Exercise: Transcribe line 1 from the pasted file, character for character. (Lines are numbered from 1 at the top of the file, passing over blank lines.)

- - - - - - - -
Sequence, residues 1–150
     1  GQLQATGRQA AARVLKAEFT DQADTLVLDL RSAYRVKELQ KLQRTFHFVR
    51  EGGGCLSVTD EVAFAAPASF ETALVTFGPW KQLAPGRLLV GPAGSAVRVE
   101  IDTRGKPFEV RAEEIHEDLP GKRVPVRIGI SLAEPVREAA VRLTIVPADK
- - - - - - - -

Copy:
Sequence, residues 1–150